UNAP, R.I. Hospital discuss joint staffing/equipment committee, talks resume Aug. 15

UNAP LOCAL 5098 and Rhode Island Hospital are discussing a joint committee on staffing and equipment at the hospital as contract talks continue. / COURTESY RHODE ISLAND HOSPITAL

PROVIDENCE — United Nurses and Allied Professionals Local 5098 at Rhode Island Hospital and Lifespan Corp. ended Wednesday’s contract talks with an informal plan to create a joint labor/management committee on staffing, equipment and supplies, in a session hospital leadership characterized as productive.

No tentative agreement was reached, though Lifespan Corp. stated that Rhode Island Hospital, ‘accepted the proposal in full,” making the announcement at 11 p.m. Wednesday, about six hours after the parties began their meeting. Discussions, which are being conducted under the guidance of a federal mediator, resume Aug. 15.

The union has also announced an informational picket Aug. 15 outside the campus of The Miriam Hospital from 2 to 4 p.m. Ray Sullivan, spokesman for the union, said that progress was made, but there’s more work ahead. Sullivan declined to comment on the joint committee proposal. When asked why the picketing will occur at The Miriam Hospital instead of Rhode Island Hospital, Sullivan said the union’s complaints of inadequate staffing and resources is a problem throughout the Lifespan system. The picketing Aug. 15 is meant to call attention to that, he said.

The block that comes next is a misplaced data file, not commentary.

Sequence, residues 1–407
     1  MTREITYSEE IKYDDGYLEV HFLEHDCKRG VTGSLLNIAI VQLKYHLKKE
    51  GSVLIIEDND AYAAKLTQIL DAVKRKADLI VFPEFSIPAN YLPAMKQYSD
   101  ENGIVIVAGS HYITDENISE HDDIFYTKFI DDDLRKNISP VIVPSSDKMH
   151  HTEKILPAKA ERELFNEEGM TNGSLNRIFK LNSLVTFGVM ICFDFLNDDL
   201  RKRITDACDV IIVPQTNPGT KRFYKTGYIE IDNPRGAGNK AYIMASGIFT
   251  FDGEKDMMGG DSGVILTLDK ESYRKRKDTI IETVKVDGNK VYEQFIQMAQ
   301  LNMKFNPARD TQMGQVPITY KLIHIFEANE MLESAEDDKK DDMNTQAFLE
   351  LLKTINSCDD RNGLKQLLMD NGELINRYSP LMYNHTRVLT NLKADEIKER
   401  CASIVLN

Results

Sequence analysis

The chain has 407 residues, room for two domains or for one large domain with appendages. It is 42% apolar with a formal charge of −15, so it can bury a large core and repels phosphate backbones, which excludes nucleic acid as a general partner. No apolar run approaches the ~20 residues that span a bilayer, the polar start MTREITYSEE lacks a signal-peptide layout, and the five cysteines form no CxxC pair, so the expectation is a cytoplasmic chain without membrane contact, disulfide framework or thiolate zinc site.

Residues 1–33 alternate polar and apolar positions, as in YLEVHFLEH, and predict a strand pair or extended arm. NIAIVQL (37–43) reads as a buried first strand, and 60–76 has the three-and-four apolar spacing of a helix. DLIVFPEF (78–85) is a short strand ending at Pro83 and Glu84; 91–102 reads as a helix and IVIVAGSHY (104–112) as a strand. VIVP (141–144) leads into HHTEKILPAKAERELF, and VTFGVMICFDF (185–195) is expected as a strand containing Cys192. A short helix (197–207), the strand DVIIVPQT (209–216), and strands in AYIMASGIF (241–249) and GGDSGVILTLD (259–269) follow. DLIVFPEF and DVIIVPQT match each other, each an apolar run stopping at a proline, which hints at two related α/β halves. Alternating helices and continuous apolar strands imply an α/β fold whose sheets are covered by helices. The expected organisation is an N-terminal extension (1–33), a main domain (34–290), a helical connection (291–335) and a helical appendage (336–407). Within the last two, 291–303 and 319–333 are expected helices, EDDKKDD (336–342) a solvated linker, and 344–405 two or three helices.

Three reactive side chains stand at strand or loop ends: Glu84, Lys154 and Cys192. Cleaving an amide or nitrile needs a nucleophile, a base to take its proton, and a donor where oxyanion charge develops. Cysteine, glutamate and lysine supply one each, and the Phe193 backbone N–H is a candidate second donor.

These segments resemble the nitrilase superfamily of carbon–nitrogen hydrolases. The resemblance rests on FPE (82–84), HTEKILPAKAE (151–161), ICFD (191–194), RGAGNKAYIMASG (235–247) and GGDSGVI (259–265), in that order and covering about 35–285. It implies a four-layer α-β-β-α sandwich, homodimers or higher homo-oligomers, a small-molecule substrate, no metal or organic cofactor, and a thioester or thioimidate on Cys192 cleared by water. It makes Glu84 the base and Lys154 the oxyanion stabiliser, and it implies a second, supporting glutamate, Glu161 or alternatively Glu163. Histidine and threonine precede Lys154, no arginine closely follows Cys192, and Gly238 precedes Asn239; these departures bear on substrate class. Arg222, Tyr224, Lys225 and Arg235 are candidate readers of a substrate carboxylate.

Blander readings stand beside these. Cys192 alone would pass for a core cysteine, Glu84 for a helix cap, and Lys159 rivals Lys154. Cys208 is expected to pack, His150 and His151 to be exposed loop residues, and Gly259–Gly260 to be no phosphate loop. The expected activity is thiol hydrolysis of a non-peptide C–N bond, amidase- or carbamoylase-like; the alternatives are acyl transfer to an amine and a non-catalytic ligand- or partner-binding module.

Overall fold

Frank Sim, UNAP Local 5098 president, said the union will continue efforts to remedy unsafe staffing levels, high turnover, lack of resources and the economic security of its members as negotiations proceed.

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“I remain hopeful that we will win a fair and competitive deal that is worthy of the skill and sacrifice of our members. There are still a number of issues to address in this contract, and we are committed to seeing them through,” Sim said.

The hospital presented the union with a restructured agreement that continues to include wage increases and a generous benefits package for all nurses and technical staff, according to Lifespan.

“Rhode Island Hospital is committed to supporting, retaining and recruiting nursing and allied health professionals by providing competitive wages and benefits, as well as providing a safe and stable work environment,” the hospital said in a statement.

Rob Borkowski is a PBN staff writer. Email him at Borkowski@PBN.com.